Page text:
This instrument is used for determining the elemental composition of a material; it is non-destructive, non-invasive and portable.

Keymaster Tracer III-V and Bruker Trace Vi

Research Associate Caitlin using the Tracer III-V pXRF in a nose-up position

We have two different models of pXRF: the Keymaster Tracer III-V and the newer Bruker Trace Vi.  Both can be used to identify what elements are present in a sample through exciting the object with x-rays and reading the energy released as the atoms in the object relax.  When atoms relax to a less energetic state, they release the energy as fluorescence characteristic to their particular element.  The instrument measures the fluorescence at each wavelength, making it possible to identify which elements are present in the object and their relative proportions.  The major differences between our two pXRF units are the instrument and software interfaces.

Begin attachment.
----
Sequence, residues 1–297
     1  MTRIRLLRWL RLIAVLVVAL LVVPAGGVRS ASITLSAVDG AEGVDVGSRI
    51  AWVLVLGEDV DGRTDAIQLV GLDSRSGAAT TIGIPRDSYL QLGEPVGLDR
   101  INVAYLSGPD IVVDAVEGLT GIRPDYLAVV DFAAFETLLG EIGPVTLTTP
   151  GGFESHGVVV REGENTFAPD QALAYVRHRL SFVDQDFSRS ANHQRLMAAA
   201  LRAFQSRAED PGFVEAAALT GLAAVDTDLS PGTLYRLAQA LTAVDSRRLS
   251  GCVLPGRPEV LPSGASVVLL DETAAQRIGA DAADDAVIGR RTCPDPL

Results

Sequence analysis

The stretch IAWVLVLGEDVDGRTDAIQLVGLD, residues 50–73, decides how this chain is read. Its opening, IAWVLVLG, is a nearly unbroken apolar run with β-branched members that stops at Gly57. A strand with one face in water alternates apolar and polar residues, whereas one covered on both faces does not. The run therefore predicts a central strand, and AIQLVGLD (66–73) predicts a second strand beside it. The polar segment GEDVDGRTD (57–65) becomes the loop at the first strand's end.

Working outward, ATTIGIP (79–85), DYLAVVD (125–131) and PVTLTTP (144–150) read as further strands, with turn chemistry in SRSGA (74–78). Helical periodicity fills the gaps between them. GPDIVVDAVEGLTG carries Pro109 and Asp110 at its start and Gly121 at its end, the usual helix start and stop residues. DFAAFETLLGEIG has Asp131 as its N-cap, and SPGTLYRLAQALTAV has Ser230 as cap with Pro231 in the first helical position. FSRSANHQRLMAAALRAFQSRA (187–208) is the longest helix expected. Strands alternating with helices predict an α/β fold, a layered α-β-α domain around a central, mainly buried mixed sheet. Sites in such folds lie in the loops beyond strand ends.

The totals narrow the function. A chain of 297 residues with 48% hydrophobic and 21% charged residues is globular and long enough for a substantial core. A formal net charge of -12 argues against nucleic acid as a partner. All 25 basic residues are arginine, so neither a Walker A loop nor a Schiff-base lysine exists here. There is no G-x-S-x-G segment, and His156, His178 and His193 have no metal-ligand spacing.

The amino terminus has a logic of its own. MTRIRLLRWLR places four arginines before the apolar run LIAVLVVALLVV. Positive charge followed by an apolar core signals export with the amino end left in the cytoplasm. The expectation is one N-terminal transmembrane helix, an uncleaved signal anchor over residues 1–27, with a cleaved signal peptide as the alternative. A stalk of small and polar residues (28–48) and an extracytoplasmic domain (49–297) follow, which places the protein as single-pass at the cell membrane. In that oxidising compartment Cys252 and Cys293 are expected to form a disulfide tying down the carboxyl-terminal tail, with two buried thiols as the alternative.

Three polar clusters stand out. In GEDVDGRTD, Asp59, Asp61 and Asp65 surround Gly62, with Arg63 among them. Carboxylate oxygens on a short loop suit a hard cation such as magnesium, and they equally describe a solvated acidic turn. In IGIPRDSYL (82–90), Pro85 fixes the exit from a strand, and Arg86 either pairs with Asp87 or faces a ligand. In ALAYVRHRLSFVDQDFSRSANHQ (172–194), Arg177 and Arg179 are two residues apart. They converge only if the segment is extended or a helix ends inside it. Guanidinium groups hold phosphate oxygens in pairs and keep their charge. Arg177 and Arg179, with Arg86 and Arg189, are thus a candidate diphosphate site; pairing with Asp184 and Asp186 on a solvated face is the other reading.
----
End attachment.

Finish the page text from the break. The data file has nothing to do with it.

Dr. Cooper analyzing artifacts with pXRF in a nose-down configuration.

pXRF analysis is a very powerful tool in conservation because it is non-invasive and non-destructive—the instrument can be taken to the object, and it is not required that samples be taken.  It can be used to quickly identify the presence/absence of heavy metal pesticides on objects in collections or do a more detailed elemental analysis of the elements present in a sample.  There are also options for different calibration programs for the instrument, such as Precious Metals, or Ancient Coppers, which can be used to determine the composition some materials more specifically, such as the karats of gold in a piece of jewelry.

pXRF data from a chert biface.


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National Center for Preservation Technology and Training
645 University Parkway
Natchitoches, LA 71457

Email: ncptt[at]
Phone: (318) 356-7444
Fax: (318) 356-9119